Jan 21

Hmmh.


Audi, BMW and VW ranked in the bottom 10 of a study into engine reliability



- German cars ‘among worst for engine failures’ (Auto Express, Jan 18, 2013):

German-made cars are not as reliable as many believe, according to new research. Warranty Direct has studied its claims data to compile a list of the manufacturers with the most reliable engines – and Audi, BMW and Volkswagen all finished in the bottom 10 out of a total 36 makers.

In fact, the only firm whose cars had a worse engine failure rate than Audi was MG Rover. MINI wasn’t much better, finishing third from bottom, while its parent company BMW came seventh from bottom. And, despite its reputation for rock-solid reliability, Volkswagen came ninth from bottom.

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May 30

- Volvo’s self-drive ‘convoy’ hits the Spanish motorway (BBC News, May 29, 2012):

A convoy of self-driven cars has completed a 200km (125-mile) journey on a Spanish motorway, in the first public test of such vehicles.

The cars were wirelessly linked to each other and “mimicked” a lead vehicle, driven by a professional driver.

The so-called road train has been developed by Volvo. The firm is confident that they will be widely available in future.

The project aims to herald a new age of relaxed driving.

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Jan 13

- Economy could lose 2M jobs in ’09 – report (CNN Money)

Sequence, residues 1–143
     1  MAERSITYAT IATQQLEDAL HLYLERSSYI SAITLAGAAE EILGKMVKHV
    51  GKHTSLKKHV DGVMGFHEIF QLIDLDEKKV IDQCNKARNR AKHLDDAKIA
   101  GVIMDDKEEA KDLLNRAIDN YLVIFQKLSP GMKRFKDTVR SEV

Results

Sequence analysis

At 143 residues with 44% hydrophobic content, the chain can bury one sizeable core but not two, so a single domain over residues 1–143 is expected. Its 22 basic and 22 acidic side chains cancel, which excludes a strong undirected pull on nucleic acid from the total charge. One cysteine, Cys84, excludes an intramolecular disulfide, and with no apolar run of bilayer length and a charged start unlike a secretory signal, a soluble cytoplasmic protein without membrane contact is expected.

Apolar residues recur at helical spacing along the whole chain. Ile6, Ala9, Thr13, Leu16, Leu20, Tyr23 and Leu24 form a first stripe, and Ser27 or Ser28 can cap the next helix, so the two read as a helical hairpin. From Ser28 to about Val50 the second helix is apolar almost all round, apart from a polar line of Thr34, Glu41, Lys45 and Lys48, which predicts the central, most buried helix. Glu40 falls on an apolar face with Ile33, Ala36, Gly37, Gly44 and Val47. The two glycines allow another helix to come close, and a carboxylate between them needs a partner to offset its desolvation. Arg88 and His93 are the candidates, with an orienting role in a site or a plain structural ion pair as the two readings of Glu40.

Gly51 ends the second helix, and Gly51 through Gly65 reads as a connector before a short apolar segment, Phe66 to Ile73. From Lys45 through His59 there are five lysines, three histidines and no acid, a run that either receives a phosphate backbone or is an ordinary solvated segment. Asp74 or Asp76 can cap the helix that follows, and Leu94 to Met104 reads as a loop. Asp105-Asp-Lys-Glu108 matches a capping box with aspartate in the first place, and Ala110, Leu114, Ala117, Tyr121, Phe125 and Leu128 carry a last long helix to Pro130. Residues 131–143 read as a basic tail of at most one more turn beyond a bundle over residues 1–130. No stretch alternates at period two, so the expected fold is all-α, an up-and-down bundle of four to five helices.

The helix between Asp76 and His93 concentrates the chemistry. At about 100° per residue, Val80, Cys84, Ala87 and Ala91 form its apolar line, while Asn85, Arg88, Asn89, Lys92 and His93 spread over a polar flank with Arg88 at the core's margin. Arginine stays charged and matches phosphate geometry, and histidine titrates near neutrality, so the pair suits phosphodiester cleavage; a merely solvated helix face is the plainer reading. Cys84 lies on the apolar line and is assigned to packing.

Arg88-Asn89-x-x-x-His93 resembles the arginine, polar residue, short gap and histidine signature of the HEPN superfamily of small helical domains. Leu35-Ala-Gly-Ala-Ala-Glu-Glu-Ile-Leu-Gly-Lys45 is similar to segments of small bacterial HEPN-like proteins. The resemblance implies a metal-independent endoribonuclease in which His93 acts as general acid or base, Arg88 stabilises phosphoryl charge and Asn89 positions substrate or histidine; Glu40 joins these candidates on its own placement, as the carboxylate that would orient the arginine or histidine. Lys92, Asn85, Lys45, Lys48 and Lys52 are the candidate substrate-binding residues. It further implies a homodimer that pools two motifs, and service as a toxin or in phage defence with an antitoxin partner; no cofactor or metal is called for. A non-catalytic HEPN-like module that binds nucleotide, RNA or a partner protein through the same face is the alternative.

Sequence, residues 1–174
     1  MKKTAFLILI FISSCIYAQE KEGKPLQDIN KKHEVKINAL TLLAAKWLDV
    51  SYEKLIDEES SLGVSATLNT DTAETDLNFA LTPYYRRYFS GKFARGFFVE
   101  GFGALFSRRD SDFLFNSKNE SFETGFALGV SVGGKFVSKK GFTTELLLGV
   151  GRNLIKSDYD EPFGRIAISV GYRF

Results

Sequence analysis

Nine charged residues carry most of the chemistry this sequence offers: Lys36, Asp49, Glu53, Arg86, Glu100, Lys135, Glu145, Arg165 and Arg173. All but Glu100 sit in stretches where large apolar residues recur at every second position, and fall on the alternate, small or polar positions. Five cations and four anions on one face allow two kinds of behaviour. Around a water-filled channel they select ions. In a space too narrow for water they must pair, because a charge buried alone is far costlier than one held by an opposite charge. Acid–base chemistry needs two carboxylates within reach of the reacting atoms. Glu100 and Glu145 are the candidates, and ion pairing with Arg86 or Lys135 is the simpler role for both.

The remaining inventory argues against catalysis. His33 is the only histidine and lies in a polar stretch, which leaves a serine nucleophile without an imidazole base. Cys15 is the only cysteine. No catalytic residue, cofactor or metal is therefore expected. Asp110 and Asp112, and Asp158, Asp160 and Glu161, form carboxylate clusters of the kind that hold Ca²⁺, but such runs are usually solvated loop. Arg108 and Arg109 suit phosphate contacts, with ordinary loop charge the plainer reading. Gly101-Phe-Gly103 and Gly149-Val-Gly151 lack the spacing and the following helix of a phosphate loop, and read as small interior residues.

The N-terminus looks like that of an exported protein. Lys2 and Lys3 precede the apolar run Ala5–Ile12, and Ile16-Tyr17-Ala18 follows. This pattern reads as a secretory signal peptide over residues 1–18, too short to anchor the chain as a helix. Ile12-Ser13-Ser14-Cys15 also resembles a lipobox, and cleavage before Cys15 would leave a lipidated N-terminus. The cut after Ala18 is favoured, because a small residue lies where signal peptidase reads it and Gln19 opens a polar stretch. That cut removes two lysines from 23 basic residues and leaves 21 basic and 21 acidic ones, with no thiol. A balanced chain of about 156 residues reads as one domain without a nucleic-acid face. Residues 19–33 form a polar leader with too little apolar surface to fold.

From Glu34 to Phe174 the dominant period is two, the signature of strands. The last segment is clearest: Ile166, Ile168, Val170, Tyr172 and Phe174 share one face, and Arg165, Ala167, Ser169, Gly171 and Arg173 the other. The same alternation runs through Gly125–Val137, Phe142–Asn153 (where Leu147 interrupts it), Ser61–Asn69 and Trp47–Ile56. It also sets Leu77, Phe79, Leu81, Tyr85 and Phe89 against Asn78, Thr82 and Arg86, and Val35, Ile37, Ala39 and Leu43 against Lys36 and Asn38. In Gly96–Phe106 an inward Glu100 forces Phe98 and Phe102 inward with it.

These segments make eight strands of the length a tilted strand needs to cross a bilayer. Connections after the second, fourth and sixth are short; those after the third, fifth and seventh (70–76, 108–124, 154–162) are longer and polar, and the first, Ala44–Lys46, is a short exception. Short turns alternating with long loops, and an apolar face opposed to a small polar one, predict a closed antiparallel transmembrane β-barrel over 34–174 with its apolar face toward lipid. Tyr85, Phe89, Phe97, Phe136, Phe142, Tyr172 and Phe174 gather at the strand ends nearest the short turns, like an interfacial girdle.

- China’s Exports Decline by Most in Decade on Global Recession (Bloomberg)

- Royal Bank of Scotland May Face LyondellBasell Losses (Bloomberg):
Jan. 12 (Bloomberg) — Royal Bank of Scotland Plc is the biggest lender to bankrupt chemical maker Lyondell Chemical Co. and may face losses on its $3.47 billion of loans to the U.S. chemicals company.

- Royal Bank of Scotland Selling Bank of China Stake (Bloomberg)

- Saab, Volvo Must Be ‘Carved Out’ To Win Aid-Swedish Official (CNN Money)

- Commercial property rents collapse in London hedge fund areas (Independent):
Rents for plush offices in Mayfair and St James’s plunged almost 30 per cent last year, hammered by the declining fortunes of many of their hedge funds tenants.

- Stephen King: You can’t buy confidence when the economy is in a state of collapse (Independent): Stephen King is managing director of economics at HSBC

- German bond sale’s fate signals trouble ahead (Financial Times):
A German sovereign bond auction failed (!!!) on Wednesday as investors shunned one of the most liquid and safe assets in the world in a warning for governments seeking to raise record amounts of debt to stimulate slowing economies.

- Bernard Madoff Will Remain Free on Bail, Judge Rules (Bloomberg)

- U.K. Slumps Most Since 1989 as Home Sales Drop, Surveys Show (Bloomberg)

- Zimbabwe introduces $50 billion note (CNN):
HARARE, Zimbabwe (CNN) — Zimbabwe’s central bank will introduce a $50 billion note — enough to buy just two loaves of bread — as a way of fighting cash shortages amid spiraling inflation.

- Taxpayer will own nearly half of super-bank (Independent):
Taxpayers are set to own almost half of the “super-bank” created from Lloyds TSB’s rescue takeover of HBOS, the two banks confirmed today

- Job losses accelerating to levels not seen since World War II (Memphis Commercial Appeal):
“There is no indication that the job situation would stabilize anytime soon,” said Sung Won Sohn, economist at the Martin Smith School of Business at California State University.